In December, the Congressional Budget Office (CBO) released a report estimating that Obamacare would shrink America's economy by the equivalent of about 2 million jobs over the next decade.
Despite the headline job-loss estimate, the CBO wasn't really saying that the law would kill off millions of jobs in the sense that employers will fire people or eliminate positions. Instead, as with a previous report estimating a labor force reduction equal to about 800,000 jobs, the CBO predicts that people will scale back their hours or quit work entirely, since the law allows them to do so without losing their access to health insurance.
What this means is that, thanks to Obamacare, the U.S. labor force is likely to be significantly smaller a decade from now—that there will be less work performed and fewer people employed as a result of the law. But it won't be because Obamacare made those positions unavailable to people who want them; it will be because Obamacare created a set of circumstances in which some people chose to leave jobs, or reduce the number of hours they worked.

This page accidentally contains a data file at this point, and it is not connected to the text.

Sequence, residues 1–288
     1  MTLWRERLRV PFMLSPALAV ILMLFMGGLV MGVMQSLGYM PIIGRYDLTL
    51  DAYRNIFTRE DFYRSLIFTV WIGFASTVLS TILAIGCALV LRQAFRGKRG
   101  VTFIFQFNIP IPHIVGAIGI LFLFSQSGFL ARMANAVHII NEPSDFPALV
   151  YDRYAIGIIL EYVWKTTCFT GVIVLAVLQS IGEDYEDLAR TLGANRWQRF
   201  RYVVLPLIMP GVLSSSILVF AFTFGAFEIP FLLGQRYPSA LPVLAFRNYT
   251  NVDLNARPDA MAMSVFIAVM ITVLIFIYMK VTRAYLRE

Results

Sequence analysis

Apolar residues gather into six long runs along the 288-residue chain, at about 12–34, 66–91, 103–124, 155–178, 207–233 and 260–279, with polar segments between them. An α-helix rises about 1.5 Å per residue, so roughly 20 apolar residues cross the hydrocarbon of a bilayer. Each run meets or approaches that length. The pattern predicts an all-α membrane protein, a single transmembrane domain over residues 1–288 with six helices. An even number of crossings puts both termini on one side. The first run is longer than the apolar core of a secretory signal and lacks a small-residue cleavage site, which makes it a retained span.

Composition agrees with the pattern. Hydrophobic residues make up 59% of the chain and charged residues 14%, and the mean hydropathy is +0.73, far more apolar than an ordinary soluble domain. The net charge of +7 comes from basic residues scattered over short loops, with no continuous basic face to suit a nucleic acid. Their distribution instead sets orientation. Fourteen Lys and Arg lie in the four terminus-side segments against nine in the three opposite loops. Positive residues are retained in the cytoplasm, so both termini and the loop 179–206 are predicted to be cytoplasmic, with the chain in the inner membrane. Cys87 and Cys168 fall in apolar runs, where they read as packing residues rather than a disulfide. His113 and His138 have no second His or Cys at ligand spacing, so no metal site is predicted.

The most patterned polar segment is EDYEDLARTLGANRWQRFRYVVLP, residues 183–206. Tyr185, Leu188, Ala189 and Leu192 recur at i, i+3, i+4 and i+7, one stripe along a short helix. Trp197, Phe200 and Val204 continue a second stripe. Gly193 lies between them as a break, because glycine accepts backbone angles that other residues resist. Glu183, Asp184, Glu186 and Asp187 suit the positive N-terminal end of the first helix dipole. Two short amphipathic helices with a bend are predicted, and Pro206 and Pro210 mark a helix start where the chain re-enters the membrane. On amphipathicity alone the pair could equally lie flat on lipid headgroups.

Obamacare isn't a job killer, then, so much as it's a work killer: a change in the nation's benefits and incentive structure that makes work less desirable for millions of people.